Researching Usability

Weekly Round-Up: December 4th

Posted on: December 4, 2009

Re-visiting the definition of a digital library

This week has been pretty busy, filled with lots of meetings and preparation for the project meeting which we are hosting on the 15th December. This week ux2 have been re-visiting the definition of the digital library and came to the (perhaps obvious) conclusion that it is something which cannot be tied down to one definitive version.Ā  I’ve been reading ‘Evaluation of Digital Libraries: an insight into useful applications and methods’ Edited by Giannis Tsakonas and Christos Papatheodorou. The definition by Jesse H. Shera mentioned in the introduction was one which resonated with me as it seemed to touch on what we are trying to achieve in our project:

…contributing to the total communication system in society…

Though the library is an instrumentality created to maximise the utility of graphic records for the benefit of society, it achieves that goal by working with the individual and through the individual it reaches society.Ā  (Shera, 1972:48)

Too often it feels like definitions concentrate on the technical parameters of a digital library and in differentiating it from the traditional library. This idea describes a common goal of both traditional and digital libraries; the interaction with individuals and society. Including users in the evaluation of a digital library is something which we hope to do at each stage in the project because social and individual benefits and feedback between them are important criteria to evaluate. Whatever definition used, there seem to be four critical elements which should be present in addition to the digitised format for a digital library to be correctly labelled: curation, preservation, archiving and cataloguing.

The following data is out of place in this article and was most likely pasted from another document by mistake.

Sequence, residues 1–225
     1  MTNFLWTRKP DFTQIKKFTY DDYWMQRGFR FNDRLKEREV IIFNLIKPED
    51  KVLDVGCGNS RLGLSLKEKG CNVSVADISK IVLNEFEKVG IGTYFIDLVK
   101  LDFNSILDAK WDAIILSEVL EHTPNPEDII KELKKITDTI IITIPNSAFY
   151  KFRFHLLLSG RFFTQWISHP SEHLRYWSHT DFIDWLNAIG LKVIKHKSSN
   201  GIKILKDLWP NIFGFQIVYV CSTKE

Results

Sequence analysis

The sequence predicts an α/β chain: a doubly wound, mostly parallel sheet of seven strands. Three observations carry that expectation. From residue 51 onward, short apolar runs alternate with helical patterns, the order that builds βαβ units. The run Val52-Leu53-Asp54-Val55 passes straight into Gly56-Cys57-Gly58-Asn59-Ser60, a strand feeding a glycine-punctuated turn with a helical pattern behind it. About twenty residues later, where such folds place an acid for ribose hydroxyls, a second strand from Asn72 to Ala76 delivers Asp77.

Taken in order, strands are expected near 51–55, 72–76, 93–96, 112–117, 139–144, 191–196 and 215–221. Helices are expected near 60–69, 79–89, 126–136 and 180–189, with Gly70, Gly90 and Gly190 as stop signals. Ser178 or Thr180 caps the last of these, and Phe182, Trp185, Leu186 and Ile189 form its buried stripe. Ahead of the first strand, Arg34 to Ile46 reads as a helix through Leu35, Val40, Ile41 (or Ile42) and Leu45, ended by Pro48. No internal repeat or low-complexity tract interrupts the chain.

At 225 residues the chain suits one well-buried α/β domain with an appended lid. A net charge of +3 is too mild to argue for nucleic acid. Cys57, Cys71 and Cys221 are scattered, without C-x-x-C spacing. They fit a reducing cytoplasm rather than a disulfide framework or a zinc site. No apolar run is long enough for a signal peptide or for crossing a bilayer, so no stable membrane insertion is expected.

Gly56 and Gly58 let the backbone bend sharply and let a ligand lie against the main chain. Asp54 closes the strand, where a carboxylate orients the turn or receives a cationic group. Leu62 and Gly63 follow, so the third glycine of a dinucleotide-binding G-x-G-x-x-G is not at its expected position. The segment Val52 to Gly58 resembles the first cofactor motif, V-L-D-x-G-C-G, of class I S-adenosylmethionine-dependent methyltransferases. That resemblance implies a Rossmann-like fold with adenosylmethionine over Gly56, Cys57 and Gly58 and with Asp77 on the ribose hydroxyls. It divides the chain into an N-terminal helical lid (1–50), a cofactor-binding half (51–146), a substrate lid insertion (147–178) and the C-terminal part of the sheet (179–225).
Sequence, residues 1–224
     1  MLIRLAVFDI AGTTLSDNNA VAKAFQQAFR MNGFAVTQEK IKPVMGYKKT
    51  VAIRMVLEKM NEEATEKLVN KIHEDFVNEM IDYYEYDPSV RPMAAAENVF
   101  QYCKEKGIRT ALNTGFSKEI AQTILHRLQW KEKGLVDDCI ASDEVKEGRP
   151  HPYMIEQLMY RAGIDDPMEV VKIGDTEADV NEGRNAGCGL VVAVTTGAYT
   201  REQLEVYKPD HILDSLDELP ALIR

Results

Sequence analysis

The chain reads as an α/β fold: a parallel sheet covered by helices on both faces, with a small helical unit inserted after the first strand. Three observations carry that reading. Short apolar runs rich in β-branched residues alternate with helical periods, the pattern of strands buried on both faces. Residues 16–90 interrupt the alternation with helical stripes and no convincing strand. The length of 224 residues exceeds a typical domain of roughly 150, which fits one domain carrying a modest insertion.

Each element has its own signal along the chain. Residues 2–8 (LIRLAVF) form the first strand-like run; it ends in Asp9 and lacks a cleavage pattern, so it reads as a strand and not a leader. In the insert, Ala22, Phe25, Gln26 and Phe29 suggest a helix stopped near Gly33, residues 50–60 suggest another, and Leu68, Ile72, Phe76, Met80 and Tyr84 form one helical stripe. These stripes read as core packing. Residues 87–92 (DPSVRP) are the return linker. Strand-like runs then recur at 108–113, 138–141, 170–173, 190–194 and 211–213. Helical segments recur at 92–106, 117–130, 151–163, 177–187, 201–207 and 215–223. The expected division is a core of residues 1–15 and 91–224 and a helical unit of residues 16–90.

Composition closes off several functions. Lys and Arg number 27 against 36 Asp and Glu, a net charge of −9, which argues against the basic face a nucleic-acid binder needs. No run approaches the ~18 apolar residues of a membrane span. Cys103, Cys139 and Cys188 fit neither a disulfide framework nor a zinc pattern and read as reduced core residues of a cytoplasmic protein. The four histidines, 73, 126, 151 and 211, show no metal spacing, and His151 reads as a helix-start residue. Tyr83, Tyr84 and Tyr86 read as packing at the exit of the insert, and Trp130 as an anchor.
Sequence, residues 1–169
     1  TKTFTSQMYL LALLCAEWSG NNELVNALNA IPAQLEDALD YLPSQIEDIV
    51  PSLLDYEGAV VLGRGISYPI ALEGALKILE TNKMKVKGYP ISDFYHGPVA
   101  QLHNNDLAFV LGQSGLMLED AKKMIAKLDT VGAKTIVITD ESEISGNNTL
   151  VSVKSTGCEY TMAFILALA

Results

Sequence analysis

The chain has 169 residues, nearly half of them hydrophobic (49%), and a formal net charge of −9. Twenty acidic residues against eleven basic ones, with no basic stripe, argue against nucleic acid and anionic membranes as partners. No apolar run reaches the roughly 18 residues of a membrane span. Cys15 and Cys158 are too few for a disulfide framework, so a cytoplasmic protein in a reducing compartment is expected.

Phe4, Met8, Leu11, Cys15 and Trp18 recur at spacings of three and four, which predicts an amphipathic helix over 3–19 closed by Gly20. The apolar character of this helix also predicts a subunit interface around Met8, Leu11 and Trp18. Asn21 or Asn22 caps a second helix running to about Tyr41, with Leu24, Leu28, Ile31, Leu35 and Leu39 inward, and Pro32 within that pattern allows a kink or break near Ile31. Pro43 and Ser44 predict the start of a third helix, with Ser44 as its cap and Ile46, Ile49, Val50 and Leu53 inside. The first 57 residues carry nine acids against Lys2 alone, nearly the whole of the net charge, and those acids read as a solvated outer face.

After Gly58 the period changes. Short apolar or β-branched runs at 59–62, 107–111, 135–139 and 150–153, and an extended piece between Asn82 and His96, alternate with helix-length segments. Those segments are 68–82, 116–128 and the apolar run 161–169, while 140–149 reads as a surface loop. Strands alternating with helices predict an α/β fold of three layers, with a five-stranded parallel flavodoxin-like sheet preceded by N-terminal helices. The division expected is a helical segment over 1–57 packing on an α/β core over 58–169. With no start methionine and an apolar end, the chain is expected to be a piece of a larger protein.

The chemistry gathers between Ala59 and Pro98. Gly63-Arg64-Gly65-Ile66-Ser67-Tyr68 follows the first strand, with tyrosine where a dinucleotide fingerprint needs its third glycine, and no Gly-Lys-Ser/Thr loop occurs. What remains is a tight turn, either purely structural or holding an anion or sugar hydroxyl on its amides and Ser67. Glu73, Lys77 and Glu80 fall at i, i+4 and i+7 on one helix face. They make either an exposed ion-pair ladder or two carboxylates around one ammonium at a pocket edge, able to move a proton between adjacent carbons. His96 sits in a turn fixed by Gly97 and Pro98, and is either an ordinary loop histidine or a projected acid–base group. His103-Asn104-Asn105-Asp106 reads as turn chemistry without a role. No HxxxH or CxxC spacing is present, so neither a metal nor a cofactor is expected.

Interactive Information Retrieval (IIR)

Another term which was discussed during the meeting was Interactive Information Retrieval. It came up during the Designing User Interface tutorial which ux2 attended at ECDL09. Some of the examples discussed involved multifaceted ways of retrieving information. I started to think that there might be a better term for describing these particular interfaces because IIR can describe most forms of interaction with digital libraries from simple to complex and unique. A term was floated which might better describe IIR which uses multi-faceted/web2.0 interaction: Immersive Interactive Information Retrieval (IĀ²R)? The dictionary defines Immersive as “pertaining to immersing or plunging into something”. I think this could describe the synchronous interaction that takes place when using web2.0 technology because the interaction is immediate and does not have to stop and start, keeping the user’s experience fluid and continuous. If there is an existing term for the type of interaction I am talking about I would be interested to find out.

Wordle

For some Friday fun I thought I would share a few word clouds that I generated through the services Wordle and Tweet Cloud. I’ve known about Worlde for a while but never used it in anger. Earlier this week I heard people at the Online09 conference tweeting about the idea of using it in conjunction with a CV which seemed like a good idea. This got me thinking about it as a good way of quickly communicating information to someone to give them a snapshot of someone’s ideas and interests. I therefore decided to create one for this blog and for my delicious links to see what patterns were emerging. I’ve provided the resulting images below.

Twitter Cloud does the same kind of thing, grabbing data from all your tweets over a specified period (day/week/month/year). The clouds aren’t quite as impressive as the Wordle ones and you can’t customise the design yet but its a great idea and something which I imagine will grow in interest as people seek to analyse their tweets. As I will be marking my first anniversary using Twitter on the 9th Dec, I thought it would be appropriate to include a cloud from a year of tweets to see what it looked like. I was pleased to discover that the three most used words were: usability, thanks and blog! šŸ™‚

Wordle blog

Wordle delicious links

Twitter Cloud: a year of tweets

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